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The Multipotentialite Expectation Gap

This is one of the unspoken reasons we start but don’t finish our projects

I’ve started and quit loads of projects.

No shock there, huh?

Sometimes it’s because I’ve got bored and lost the emotional connection, but other times I couldn’t quite put my finger on it…

This was my process. 

  1. I’d have an idea
  2. I’d get excited
  3. My dopamine started firing 
  4. I’m super ambitious so I’d fantasize about how successful the project was going to be and create unrealistic expectations
  5. Then I’d research the shit out of it

Sometimes I’d get so overwhelmed that I would walk away, feeling foolish after my dopamine had crashed, and never re-visit the idea again. 

The Expectation Gap

The gap between the reality of the project and my unrealistic expectations was so big I thought the projects were failures.

This wasn’t true.

By any metric, both projects had gotten off to an excellent start! 

But I couldn’t see that. I would start my self-sabotaging process.

“ If it’s hard to get a project off the ground then it’s clearly not meant to be”

Perfectionists have unrealistic expectations about:

the outcomes and results of their work

and the creative process in which they create the work. 

We think we quit projects because they’re too hard. 

But in reality, we quit projects because they are not perfect.

And if something isn’t perfect then it’s not worth doing, right?

Rule Of The Thirds

I had unrealistic expectations about the outcomes and results. 

But crucially I also had unrealistic expectations about the creative process. 

I had convinced myself that if the creative process wasn’t perfect it was a sign that the project wasn’t right for me. 

Why was this so important?

Because I was seeking purpose and meaning. I was fearful of wasting time following a pursuit that wasn’t purposeful.

I had associated purpose and meaning with perfection. I actively looked for faults in both the processes and the outcomes. 


Because I was terrified of wasting my time on the wrong project. 

This triggered what I refer to as my time anxiety. 

Time anxiety is the limiting belief that we are constantly running out of time.

We feel this because our deepest fear is living our whole lives with unfulfilled potential. 

Nothing is perfect.

Especially in creativity.

Creativity is really fucking messy by definition 🤣

Perfection only exists in the confines of our minds…So naturally, I found faults. 

This was a sign that I should quit the project and start another one.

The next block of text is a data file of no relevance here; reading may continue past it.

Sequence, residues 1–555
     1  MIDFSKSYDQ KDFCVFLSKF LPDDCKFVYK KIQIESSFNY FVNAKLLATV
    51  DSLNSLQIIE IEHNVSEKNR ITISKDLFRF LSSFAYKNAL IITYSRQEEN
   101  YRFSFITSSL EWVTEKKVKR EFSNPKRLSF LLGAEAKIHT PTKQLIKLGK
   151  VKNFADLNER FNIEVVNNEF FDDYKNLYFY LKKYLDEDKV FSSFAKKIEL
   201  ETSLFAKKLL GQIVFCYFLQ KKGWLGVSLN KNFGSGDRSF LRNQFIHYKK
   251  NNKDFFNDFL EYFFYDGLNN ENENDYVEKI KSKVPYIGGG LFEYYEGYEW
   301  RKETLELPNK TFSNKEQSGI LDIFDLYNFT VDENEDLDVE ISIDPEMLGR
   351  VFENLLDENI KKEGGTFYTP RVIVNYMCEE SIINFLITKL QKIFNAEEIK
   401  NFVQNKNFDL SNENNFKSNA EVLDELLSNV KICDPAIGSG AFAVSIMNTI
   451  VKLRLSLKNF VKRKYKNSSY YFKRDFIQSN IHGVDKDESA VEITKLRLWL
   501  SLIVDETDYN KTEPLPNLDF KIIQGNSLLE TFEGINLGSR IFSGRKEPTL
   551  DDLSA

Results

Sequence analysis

And multipotentialites have a never-ending list of projects. 

So we flip-flop from one project to the next.

Rinse and repeat. 

Realistic Expectations

I used to believe that I should feel 100% all the time. 

I used to think everything needed to be perfect otherwise it was a sign to move on to another project. 

But the reality is this, when we’re working on projects…

we should roughly feel good 1/3 of the time

okay a 1/3 of the time

and shit a 1/3 of the time

and that’s okay. It’s normal

For example

  • I enjoy finding solutions to problems 
  • I enjoy building websites

I learned this mental model from Alexi Pappas who is a multipotentialite. She is a former Olympian and is now an author, filmmaker, and actor. 

Alexi’s coach was also a former Olympian.

Alexi often secretly felt down because each training session was notperfect. 

She wanted to quit because she believed her training process should be perfect otherwise she was wasting her time. 

Her coach taught her the rule of thirds. Alexi overcame her perfection mindset and competed in the Olympics. 

If it’s good enough for Olympians; it’s good enough for us. 

Black and white thinking:

When we start a new project, let’s say it’s a company we invest our identity into it.

If the company is successful then we will feel successful. If the company fails then we will feel a failure.

That’s far too much pressure. Pressure crushes our creativity. 

This means we perform below our potential and quit the project.

Experimental Mindset:

This removes the pressure. Some experiments work, and some don’t. That’s what experiments do.

We don’t invest our identities into experiments. Experiments are simply testing whether we enjoy the creative process or not.  

Perfection is:

Not in the creative process

Not in the results

Not is the external gratification

Perfection is creating a challenge. Taking action and launching a product knowing that it’s NOT perfect.

Perfection is accepting imperfection.

And that is okay.

Because once you go into a project knowing that it’s not going to be perfect it removes the expectation gap. 

And it’s the expectation gaps that kill our startups. 

Remove the gap. Complete the challenge. And launch.

Rinse and repeat this and two things happen

  1. Your work will get exponentially better
  2. Your courage will grow

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